Resin dispersions employed in the method and article of the present invention maybe liquid to pasty mixtures of from 30% to 70% of thermoplastic resin particles in from 70% to 30% of a liquid plasticizer having no substantial solvent action on the resin when cool, but capable of combining physically with the resin particles when the dispersion is heated to form a uniform mass of plasticized resin. For ease of application, the dispersion may'be thinned by addition of volatile organic solvent: The relativeproportions of resin and plasticizer selected will depend on the physical properties desired in the'final surface. For'example, high relative proportions' of plasticizer will give a softer more rubbery material than lower relative proportions within the above a ga- The particle size of the dispersed resin may vary within relatively wide limits." However, particles of from 275 to 325 microns have been found very satisfactory.
Resins which have been found satisfactory for the finely divided dispersed resin include copolymers of vinyl chloride and vinyl'acetate containing from to 88% of vinyl chloride (Vinylite VYNS), a vinyl chloride-vinyl acetate copolymer known as Geon X 210, polyvinyl chloride, polymethyl methacrylate, and vinyl chloridevinylidene chloride copolymers (Saran).
Suitable'combinatio'ns of finely divided resin and plasticizer for use in the resin dispersions may be equal proportions 'of finely divided Vinylite VYNV and dioctyl phthalate, and substantially equal proportions of Geon lOOX 210 and an ester type plasticizer such as tricresyl phosphate, dibutyl phthalate or dioctyl phthalate. It has been'found desirable in these dispersions to use about 1% of a'stabilizer such as the material known as Advance Solvents Stabilizer SN.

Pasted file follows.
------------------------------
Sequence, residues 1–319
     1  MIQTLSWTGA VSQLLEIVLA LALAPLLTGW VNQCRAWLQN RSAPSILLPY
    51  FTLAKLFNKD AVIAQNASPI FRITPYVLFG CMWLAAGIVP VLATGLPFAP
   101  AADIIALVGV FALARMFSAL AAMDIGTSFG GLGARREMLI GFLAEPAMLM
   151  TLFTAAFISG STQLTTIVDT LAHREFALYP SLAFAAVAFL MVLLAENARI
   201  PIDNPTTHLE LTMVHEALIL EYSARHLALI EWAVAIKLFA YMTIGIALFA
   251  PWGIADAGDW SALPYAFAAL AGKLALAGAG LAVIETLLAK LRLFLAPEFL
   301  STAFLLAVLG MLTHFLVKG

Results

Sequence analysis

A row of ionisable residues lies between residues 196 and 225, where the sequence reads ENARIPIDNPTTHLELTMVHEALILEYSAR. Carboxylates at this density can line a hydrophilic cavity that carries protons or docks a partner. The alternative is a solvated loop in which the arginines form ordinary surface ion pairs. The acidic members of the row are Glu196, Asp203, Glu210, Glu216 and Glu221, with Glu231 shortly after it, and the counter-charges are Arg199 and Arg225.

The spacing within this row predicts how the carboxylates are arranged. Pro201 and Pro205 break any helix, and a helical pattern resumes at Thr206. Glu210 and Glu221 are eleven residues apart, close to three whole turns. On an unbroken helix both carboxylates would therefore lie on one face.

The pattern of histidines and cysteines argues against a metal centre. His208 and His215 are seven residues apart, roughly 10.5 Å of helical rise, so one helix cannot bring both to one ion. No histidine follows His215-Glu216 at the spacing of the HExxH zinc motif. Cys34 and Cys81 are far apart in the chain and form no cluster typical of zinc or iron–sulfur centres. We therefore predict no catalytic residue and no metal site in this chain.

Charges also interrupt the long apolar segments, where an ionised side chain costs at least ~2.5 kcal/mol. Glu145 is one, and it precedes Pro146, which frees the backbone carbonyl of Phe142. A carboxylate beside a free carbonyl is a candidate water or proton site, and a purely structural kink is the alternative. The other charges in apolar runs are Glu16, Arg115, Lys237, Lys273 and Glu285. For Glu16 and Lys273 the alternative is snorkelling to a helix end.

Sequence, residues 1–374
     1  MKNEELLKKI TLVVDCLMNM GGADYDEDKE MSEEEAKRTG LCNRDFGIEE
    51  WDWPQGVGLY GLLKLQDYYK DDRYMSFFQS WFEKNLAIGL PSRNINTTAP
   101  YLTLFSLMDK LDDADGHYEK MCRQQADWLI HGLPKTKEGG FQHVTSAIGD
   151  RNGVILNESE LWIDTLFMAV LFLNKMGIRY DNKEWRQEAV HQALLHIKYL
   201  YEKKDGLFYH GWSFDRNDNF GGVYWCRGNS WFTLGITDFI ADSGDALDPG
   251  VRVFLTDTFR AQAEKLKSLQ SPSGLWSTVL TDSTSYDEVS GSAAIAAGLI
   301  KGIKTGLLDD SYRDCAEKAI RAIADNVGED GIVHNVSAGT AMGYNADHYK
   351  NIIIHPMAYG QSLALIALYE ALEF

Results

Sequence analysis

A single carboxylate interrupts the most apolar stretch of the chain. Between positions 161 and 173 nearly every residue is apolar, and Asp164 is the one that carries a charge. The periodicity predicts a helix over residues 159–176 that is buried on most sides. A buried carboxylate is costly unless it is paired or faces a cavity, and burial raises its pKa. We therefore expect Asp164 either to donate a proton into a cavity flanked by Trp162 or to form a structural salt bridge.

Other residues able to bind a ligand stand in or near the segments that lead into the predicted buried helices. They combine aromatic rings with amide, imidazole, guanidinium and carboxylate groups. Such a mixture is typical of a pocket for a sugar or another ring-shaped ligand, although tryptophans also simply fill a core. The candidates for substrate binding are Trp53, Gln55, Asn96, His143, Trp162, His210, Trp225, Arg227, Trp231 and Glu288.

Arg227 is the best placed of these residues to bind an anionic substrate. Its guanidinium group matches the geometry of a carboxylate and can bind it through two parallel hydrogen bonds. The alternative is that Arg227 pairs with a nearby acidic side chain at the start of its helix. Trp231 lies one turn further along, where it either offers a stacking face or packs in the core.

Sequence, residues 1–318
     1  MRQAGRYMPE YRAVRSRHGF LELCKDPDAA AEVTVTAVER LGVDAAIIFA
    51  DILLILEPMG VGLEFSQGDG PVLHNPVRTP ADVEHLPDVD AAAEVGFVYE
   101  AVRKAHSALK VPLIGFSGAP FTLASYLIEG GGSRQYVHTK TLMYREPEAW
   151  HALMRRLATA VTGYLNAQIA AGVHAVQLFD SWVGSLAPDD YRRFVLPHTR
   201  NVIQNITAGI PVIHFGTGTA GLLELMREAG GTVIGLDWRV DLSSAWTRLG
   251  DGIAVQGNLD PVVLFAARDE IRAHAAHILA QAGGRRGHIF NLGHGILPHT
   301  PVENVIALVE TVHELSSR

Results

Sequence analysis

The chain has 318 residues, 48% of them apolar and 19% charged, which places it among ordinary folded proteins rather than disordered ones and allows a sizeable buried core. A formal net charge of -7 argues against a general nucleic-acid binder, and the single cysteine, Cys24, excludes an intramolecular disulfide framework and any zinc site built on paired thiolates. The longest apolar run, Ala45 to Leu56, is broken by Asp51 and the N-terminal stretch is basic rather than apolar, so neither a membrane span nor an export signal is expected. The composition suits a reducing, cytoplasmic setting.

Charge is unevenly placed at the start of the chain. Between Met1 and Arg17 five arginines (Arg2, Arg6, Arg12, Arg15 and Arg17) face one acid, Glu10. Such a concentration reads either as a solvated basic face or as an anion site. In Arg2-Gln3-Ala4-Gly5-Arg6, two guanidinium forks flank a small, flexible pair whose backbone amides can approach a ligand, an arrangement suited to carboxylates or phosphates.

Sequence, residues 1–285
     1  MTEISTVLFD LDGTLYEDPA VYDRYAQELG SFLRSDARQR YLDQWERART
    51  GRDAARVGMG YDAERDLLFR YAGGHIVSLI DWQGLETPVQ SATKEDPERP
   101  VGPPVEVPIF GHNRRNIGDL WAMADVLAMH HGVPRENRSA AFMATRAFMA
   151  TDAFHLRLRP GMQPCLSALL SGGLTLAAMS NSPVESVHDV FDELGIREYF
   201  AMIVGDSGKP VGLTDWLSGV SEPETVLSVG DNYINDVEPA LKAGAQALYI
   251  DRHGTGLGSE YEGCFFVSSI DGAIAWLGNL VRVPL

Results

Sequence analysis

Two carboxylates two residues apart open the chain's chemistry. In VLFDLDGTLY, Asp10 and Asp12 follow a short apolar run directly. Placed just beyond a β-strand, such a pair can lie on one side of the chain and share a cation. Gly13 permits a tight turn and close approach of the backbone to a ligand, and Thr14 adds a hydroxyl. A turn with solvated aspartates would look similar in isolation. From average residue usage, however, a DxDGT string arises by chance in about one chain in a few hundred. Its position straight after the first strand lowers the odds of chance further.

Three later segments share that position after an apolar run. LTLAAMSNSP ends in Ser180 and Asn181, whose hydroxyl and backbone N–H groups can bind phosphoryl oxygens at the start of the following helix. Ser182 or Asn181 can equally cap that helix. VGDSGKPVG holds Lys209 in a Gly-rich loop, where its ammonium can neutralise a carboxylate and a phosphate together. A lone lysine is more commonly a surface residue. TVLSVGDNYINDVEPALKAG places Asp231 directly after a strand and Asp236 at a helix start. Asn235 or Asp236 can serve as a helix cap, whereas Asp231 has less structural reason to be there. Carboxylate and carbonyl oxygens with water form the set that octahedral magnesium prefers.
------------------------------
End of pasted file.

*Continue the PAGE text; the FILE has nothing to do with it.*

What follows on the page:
The dispersion'may also include any compatible dye or pigment or combination of these and may also include finely divided or fibrous fillers.
Granules 16 for distribution on or within the body of resin dispersion may vary in size. It is preferred to use granules which range in size from at little as A of an inch up to' /2 of an inch or more in diameter, and which may be rough and irregular or may be angular with slip-resistant edges. It is important that the particles possess a substantial size in order that they may project physically from the resin layer to a suificient extent to provide the necessary roughened surface characteristics; Particularly where the granules are composed ofunplasticized resin and where it is desired that the projecting portions be as hard as possible, the size range given is important in order that the granules may not'be softened throughout their entire extent by penetration of plaster-earns 'n6t'e'd,'the portions of the granules 'adjace'nfthe resin layer are softened by. the plasticizenandthe hardnessfof the granule increases until"at' pprtions'spa'ced'further away from the resin 1am the granule retains its original hardness. Particles below the range give'n'may be pe'netratedwith plasticizer throughout and may not present the hard portions which are desirable in"'certain'insta;1ees. The structure, in'- cludingj 'granulejsf with hard surface portions represents an nnasusny dsirableembodiment sifice'it combines the factors of hard slip-resistant portions, a thick link ing portion in which the hardness varies from the original hardness to the softness of the resin layer to'distribute separating stresses and a resilient layer or matrix which possesses sufl'lcient body to hold the granules in slipresistant array together with resilience which provides both better anti-slip action and a measure of protection of the granules against excessive wear. In general, the granules may be of the same types of resin as the resin particles of the dispersion.